Media reports note that police in Kazakhstan’s largest city, Almaty, said early on January 6 that dozens of rioters had been “liquidated” over the past day as demonstrators stormed government buildings, set them on fire, and looted businesses.

Kazakhstan’s Interior Ministry said that 18 security personnel died in clashes with protesters and more than 2,000 people were arrested.

Radio Liberty’s Kazakh Service reported on January 7 that an unknown number of people have reportedly been killed in at least two smaller towns.

Since the protests erupted earlier this week, the Health Ministry reportedly said more than 1,000 people have been injured and 400 hospitalized.  Sixty-two people are in the intensive care unit, according to RFE/RL’s Kazakh Service

Angry demonstrators, some of whom were armed with rubber truncheons, sticks, and shields, reportedly set fire to a presidential residence and the mayor’s office in Almaty, where protesters also temporarily seized control of the airport.  The airports in Almaty and one other city were shut down, RFE/RL noted.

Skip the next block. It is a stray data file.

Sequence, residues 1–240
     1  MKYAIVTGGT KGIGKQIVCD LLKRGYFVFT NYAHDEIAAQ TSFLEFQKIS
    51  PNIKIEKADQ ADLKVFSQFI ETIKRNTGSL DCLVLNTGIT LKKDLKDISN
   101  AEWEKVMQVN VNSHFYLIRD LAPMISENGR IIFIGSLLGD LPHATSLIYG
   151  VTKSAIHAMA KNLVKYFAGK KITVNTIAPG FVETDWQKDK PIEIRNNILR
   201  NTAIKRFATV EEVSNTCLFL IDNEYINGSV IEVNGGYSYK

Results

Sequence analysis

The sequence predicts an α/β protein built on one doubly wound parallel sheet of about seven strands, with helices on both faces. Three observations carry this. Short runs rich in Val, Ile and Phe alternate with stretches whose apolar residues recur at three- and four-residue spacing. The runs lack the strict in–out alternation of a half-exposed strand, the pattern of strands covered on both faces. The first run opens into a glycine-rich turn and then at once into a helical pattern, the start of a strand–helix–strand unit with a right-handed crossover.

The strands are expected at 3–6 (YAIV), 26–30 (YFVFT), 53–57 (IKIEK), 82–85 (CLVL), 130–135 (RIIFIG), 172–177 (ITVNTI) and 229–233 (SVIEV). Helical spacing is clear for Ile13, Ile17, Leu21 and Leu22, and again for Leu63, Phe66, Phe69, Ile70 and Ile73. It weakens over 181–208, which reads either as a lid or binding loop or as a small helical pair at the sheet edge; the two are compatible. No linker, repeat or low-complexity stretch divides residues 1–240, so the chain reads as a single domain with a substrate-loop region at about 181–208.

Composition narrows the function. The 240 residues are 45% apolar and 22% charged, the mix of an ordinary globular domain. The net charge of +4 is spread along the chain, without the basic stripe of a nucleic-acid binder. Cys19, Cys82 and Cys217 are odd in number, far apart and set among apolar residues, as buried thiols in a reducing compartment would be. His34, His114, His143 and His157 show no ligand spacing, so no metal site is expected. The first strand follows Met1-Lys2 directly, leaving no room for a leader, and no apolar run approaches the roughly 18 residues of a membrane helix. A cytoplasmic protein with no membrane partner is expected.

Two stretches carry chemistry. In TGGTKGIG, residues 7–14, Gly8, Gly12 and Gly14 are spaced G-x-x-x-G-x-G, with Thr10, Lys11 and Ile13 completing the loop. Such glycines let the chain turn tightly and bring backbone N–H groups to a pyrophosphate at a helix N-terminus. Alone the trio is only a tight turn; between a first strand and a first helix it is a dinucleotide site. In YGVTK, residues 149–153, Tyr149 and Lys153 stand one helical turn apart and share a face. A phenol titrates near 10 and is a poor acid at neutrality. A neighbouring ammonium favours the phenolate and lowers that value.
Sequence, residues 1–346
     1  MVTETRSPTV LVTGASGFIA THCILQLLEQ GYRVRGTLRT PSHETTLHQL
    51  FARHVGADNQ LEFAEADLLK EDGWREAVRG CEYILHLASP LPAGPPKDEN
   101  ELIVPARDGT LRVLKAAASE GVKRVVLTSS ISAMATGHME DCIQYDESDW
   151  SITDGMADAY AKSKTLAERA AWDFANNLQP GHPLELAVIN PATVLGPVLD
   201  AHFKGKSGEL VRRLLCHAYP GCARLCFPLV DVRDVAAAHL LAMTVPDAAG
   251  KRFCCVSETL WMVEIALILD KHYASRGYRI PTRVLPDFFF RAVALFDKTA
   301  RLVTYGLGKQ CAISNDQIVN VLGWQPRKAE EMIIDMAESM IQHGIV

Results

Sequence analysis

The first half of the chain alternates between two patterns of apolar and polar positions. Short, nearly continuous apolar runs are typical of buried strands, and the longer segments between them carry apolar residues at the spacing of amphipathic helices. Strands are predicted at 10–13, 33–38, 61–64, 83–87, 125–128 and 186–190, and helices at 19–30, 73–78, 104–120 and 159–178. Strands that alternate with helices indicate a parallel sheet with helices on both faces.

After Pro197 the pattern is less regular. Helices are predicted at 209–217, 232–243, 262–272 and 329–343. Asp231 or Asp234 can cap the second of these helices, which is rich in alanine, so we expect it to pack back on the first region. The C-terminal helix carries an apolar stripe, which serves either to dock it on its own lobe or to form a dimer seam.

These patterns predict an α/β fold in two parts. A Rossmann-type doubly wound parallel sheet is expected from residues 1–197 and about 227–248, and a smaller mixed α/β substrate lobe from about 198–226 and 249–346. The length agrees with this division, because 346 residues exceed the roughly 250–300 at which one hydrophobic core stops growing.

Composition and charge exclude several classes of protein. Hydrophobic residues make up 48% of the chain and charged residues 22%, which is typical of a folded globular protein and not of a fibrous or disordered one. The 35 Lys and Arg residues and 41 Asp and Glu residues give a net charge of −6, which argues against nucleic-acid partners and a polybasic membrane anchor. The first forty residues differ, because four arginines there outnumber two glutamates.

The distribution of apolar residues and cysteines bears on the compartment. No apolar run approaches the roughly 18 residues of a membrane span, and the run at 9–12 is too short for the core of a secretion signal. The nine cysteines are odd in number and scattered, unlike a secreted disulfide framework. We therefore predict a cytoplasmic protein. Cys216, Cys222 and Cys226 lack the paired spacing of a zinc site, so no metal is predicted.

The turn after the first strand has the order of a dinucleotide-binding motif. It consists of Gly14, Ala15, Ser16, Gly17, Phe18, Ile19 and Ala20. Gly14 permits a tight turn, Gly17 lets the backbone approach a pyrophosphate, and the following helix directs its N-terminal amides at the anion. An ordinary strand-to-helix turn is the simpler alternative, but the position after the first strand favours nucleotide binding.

The government has reportedly blocked the Internet and disrupted mobile phone signals.  Media has also been restricted.

Kazakh President Kassym-Jomart Tokayev has blamed foreign-trained "terrorist" gangs for the violence and asked the Russia-led Collective Security Treaty Organization (CSTO) to enter the country to help stabilize the situation.  

Some media outlets say the first Russian paratroopers arrived, followed by troops from Belarus on the evening of January 6. 

Armenia reportedly sent some 70 soldiers to Kazakhstan as part of the contingent to ensure the protection of objects of strategic importance.

According to some sources, Tajikistan are sending about 200 peacekeepers to Kazakhstan, and Kyrgyzstan is expected to send 150 troops to Kazakhstan. .  

Meanwhile, a former member of the State Duma (Russia’s lower chamber of parliament), Ruslan Balbek, told RIA Novosti on January 6 that  members of Daesh and Gülenist groups are behind the ongoing riots in Kazakhstan.

According to him, the “hands of ISIS (alternate acronym for Daesh) and Gülenists are visible” in the protests.

"The hands of ISIS are visible in organizing riots on the territory of Kazakhstan,” Balbek said, adding that it is in their style – brutal killings and absurd demands.

“But those Kazakhs, who were trained in Turkey at the educational institutions of Fetullah Gülen, the organizer of the coup attempt in Ankara, are at the helm,” said he.  “Protesters “picked up an ideological virus” from Fetullah Gülen, the leader of the Gülenist cult.” 

“Kazakhstan is a secular country and it is impossible to deceive the population with delusional radical teachings, but if to crush the statehood and plant the law of the jungle on these wrecks – on this case, ISIS is really good,” Balbek concluded.